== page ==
The Owl Parrot, or Owl Kakapo (Strigops habroptila), is the only flightless parrot in the world and is the largest parrot ever. 142 adults lived in the New Zealand Islands in 2018. A record 86 chicks were born this year, 60 of them are expected to live to adulthood.
Thousands of owl parrots once inhabited New Zealand. Their population began to decline with the arrival of the Maori along with dogs and rats. Later European colonists brought more mammalian predators.
The Rescue Operation Has Began
In the 1970s, the search for survivors began – the most costly expeditions in the history of bird conservation. The last 100-200 individuals were tracked down on Stewart Island. Some of them were gradually moved to islands without predators.
In 2016, New Zealand rejoiced in the baby boom – 47 chicks were born, of which 34 survived the first few weeks.
49 out of 50 fertilized females laid eggs this year. 86 chicks hatched and 60 of them should live to adulthood. Contributing to this was enough of their favorite food, the fruit of conifers called Rimu.
Dr. Andrew Digby, a science advisor to the Department of Conservation’s kākāpō recovery programme, commented on this year’s successful hatchery: “In the last two seasons there have been huge quantities of fruit not seen for 50 years, so that’s why all of the female kākāpō know it is time to breed, and actually started much earlier than usual, meaning some have now been able to nest twice.”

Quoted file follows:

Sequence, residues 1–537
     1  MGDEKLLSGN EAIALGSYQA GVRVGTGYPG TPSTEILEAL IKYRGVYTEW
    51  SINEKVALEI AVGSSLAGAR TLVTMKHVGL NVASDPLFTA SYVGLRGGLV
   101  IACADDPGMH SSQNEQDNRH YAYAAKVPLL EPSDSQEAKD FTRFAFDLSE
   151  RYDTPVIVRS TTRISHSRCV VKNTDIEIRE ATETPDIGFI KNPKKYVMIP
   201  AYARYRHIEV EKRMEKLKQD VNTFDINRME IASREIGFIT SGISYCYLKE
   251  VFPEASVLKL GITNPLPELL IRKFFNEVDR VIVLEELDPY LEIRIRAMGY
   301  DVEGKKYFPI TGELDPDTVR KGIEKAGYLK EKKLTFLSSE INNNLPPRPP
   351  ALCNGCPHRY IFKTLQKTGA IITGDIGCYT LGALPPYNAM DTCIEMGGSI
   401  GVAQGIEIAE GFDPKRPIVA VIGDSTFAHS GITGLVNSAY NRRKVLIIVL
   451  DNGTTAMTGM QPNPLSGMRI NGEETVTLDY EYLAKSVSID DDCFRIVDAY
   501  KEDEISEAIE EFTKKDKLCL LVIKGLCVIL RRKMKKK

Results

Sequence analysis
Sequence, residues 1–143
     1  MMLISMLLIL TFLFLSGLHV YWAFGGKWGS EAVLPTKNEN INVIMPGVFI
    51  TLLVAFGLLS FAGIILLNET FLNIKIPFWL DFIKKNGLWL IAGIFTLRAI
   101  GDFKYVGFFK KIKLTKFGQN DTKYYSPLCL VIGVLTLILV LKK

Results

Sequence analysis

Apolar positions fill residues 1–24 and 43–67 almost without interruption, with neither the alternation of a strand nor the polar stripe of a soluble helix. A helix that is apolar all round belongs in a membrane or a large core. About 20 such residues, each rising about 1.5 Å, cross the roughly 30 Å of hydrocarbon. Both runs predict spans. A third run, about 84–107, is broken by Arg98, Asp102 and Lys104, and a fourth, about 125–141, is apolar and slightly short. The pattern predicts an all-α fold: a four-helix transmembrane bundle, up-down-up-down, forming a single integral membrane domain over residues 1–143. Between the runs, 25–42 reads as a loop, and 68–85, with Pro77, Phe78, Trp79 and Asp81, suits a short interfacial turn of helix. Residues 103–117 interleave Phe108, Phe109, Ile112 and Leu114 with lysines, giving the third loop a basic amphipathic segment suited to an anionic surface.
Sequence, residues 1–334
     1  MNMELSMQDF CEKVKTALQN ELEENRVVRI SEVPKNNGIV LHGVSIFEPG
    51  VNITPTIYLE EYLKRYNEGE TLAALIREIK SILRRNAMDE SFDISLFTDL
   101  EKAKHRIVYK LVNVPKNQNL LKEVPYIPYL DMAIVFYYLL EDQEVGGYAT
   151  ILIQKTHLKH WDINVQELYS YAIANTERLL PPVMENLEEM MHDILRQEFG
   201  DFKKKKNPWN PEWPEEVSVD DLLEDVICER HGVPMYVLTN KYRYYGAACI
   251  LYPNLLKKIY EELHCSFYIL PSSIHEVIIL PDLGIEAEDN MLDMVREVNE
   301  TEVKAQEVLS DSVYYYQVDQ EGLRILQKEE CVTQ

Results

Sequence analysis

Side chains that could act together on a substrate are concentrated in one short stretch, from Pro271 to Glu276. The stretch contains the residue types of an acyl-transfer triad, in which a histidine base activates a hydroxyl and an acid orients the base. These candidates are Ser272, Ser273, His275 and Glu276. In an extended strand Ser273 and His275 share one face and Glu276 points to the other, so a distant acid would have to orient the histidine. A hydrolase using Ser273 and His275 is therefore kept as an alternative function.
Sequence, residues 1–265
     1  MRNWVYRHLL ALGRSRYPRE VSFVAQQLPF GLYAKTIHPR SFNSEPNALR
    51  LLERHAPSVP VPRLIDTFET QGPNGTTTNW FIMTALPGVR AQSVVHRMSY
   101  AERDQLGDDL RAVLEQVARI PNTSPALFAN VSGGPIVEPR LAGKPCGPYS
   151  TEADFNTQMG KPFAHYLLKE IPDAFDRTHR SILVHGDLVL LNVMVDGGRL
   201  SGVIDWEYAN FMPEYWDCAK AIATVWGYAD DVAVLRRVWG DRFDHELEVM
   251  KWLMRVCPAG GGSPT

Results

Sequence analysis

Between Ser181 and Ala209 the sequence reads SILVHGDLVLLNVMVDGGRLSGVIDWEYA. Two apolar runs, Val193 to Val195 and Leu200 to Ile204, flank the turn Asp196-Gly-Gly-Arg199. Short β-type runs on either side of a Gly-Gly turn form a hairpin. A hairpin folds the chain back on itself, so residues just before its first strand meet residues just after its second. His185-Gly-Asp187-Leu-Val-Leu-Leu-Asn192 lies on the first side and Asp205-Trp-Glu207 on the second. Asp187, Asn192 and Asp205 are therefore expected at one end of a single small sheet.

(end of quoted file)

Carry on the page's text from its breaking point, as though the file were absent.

Predator Free Area
One of the main problems of today is finding large enough islands where the natural forest has not yet disappeared and where mammalian predators do not live.
In 2016, however, New Zealand announced the goal of getting rid of predators by 2050 on both major islands. If met, the prospects of the kākāpō and other indigenous species would improve.
Scientists would like to return the parrots once they lived to South and North Island, but they have to keep them on two isolated islands where predators do not live.
The population of kākāpō is thus increasing again. This is due to the protectionists and many volunteer helpers. All parrots are wearing transmitters; conservationists watch their nests and supervise the chicks.
“When you’ve only got a population of 147 anything could wipe them out and they could become extinct quite quickly. We want to get 150 breeding females, and ideally some unmanaged populations, before we can start to relax a little bit.” Digby said to The Guardian.
The species will only be considered rescued when the owl parrot populations are able to survive without human assistance and continue to reproduce in different places.
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